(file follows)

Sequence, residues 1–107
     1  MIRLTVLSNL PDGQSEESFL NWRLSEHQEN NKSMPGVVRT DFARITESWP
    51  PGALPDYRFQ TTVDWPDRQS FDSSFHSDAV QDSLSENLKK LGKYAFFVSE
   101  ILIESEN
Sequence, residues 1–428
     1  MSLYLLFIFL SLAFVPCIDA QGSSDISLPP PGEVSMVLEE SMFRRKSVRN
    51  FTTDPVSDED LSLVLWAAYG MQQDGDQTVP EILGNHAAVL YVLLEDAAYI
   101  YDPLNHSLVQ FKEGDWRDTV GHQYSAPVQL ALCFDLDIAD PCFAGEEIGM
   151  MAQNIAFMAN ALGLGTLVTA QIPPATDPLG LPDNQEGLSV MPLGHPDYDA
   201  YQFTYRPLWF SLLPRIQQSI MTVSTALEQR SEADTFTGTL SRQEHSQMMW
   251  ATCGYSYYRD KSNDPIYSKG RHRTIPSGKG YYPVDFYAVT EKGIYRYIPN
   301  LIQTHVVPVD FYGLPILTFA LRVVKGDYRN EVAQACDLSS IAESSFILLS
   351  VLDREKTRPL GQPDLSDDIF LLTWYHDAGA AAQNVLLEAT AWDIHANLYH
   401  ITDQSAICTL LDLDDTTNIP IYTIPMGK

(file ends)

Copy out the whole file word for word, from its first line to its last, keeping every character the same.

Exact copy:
Sequence, residues 1–107
     1  MIRLTVLSNL PDGQSEESFL NWRLSEHQEN NKSMPGVVRT DFARITESWP
    51  PGALPDYRFQ TTVDWPDRQS FDSSFHSDAV QDSLSENLKK LGKYAFFVSE
   101  ILIESEN
Sequence, residues 1–428
     1  MSLYLLFIFL SLAFVPCIDA QGSSDISLPP PGEVSMVLEE SMFRRKSVRN
    51  FTTDPVSDED LSLVLWAAYG MQQDGDQTVP EILGNHAAVL YVLLEDAAYI
   101  YDPLNHSLVQ FKEGDWRDTV GHQYSAPVQL ALCFDLDIAD PCFAGEEIGM
   151  MAQNIAFMAN ALGLGTLVTA QIPPATDPLG LPDNQEGLSV MPLGHPDYDA
   201  YQFTYRPLWF SLLPRIQQSI MTVSTALEQR SEADTFTGTL SRQEHSQMMW
   251  ATCGYSYYRD KSNDPIYSKG RHRTIPSGKG YYPVDFYAVT EKGIYRYIPN
   301  LIQTHVVPVD FYGLPILTFA LRVVKGDYRN EVAQACDLSS IAESSFILLS
   351  VLDREKTRPL GQPDLSDDIF LLTWYHDAGA AAQNVLLEAT AWDIHANLYH
   401  ITDQSAICTL LDLDDTTNIP IYTIPMGK